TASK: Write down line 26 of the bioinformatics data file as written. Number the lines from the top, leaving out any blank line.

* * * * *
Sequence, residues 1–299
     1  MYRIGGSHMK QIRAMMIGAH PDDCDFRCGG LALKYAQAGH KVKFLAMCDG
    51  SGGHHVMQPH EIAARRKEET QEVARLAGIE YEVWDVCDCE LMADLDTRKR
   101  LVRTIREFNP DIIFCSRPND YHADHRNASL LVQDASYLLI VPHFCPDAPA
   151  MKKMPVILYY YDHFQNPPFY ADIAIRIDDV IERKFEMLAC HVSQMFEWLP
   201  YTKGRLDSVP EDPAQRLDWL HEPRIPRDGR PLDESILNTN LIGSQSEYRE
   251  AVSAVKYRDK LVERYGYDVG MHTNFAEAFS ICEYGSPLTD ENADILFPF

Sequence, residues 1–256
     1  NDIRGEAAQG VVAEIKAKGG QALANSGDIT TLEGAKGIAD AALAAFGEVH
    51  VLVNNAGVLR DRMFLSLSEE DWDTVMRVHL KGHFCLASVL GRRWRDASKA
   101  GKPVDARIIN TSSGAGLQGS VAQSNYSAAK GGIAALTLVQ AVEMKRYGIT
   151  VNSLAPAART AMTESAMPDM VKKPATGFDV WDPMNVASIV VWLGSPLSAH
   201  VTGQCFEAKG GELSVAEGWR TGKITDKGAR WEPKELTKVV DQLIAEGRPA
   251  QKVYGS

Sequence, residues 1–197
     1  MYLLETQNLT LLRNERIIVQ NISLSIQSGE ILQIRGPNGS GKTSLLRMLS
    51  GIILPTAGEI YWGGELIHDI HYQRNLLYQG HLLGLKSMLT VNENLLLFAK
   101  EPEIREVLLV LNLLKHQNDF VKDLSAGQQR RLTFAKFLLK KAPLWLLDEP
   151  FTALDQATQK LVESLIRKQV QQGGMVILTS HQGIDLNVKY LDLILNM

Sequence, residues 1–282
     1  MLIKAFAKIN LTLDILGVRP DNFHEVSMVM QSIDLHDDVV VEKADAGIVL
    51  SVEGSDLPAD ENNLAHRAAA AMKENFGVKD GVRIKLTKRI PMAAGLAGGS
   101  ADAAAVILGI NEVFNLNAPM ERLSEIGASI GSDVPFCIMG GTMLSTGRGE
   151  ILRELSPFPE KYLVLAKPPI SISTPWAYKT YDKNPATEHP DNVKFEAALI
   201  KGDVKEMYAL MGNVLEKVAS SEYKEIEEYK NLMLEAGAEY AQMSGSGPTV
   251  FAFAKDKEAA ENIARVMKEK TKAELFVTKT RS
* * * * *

   251  FAFAKDKEAA ENIARVMKEK TKAELFVTKT RS